The Government has committed $250 million in Thursday's budget towards strengthening KiwiRail, with another $500m to be added in the following two years, but improvements to the backbone of the operation are likely to come at the cost of some minor rail routes.
Prime Minister John Key and Transport Minister Steven Joyce said today KiwiRail would need to provide business cases as to how the $750m would be spent, with the goal being to work to its strengths and become self-sustainable.
At a press conference at KiwiRail's Wellington headquarters, Mr Key reiterated the National Party's disappointment at the $690m price Labour paid to buy KiwiRail back from Toll Holdings in June 2008, and said the best long-term approach was to try to eliminate the need for subsidies and support it in becoming self-sufficient.
A "KiwiRail turnaround plan" was being worked on. "The plan aims to see the KiwiRail group become within 10 years a sustainable freight-based business that is able to fund its ongoing operating and capital expenditure from customer-generated revenue."
Mr Key said that would be challenging, but success would contribute to a wider plan of lifting New Zealand's economic performance.
The 10-year plan would cost an estimated $4.6 billion, but the "lion's share" of that would come from profits generated from the business itself following the initial kick-start.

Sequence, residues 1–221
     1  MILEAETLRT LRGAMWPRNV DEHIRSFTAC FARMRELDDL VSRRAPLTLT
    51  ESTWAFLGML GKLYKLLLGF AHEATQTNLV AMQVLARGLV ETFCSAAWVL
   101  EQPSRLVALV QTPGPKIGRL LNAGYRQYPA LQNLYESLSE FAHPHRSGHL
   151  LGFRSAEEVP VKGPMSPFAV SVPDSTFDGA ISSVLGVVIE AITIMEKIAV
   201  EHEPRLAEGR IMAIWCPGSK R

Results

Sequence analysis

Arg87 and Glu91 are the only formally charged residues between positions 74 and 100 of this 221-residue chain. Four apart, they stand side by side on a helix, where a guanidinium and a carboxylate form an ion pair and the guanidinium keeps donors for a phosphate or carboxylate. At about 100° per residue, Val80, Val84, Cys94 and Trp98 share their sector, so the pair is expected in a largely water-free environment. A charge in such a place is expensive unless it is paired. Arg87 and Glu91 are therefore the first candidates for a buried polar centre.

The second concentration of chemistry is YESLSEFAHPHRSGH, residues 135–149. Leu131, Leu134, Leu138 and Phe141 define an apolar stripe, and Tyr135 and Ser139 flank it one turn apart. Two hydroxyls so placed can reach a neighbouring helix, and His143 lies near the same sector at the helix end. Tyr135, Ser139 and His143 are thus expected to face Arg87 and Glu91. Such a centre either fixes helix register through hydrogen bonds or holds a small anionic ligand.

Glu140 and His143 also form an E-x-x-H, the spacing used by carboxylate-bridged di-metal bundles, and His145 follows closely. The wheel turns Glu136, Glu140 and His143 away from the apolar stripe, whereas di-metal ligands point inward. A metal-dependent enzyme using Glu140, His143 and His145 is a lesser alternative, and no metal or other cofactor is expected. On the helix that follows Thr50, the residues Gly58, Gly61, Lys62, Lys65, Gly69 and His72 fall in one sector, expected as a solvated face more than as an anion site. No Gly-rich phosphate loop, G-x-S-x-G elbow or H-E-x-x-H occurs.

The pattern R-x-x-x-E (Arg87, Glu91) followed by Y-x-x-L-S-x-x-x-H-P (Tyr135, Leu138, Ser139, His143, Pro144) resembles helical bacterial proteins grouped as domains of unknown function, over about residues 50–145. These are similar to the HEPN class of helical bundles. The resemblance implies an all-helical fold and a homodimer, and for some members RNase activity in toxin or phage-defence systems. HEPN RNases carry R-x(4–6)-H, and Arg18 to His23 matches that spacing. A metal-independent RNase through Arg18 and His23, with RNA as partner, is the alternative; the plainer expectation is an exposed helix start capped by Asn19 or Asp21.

KiwiRail chief executive Jim Quinn said a significantly increased amount of freight traffic was predicted in the long term and he was confident that improved infrastructure and rolling stock would result in rail being able to pick up an increased share of goods travelling on the main trunk between Auckland and Christchurch.
However, minor links such as Napier-Gisborne, the Far North, northern Wairarapa, and the Stratford to Okahukura (Taranaki to King Country) line faced closure unless evaluations suggested they could survive on their own.
"If there is an active tenant for them they will, if there's not we have to look to mothball them," Mr Quinn said.
Mr Joyce said a shortfall on the metros - about $10m a year - was funded about 60 per cent through the New Zealand Transport Agency, and 40 per cent by ratepayers.
Discussions would continue to take place over how shortfalls would be made up - which included reviewing charges and talking with regional councils about their contributions.
Greater Wellington was being "very reasonable" in discussions to date, while the Auckland Regional Council was "a bit more excitable", Mr Joyce said.
He said a large amount of money was being put into upgrading the Wellington and Auckland networks already, to address problems of reliability and capability.
The Government has also committed to lending up to $500m for KiwiRail to get 13 electric locomotives and 114 railcars built to be operable in Auckland by 2013.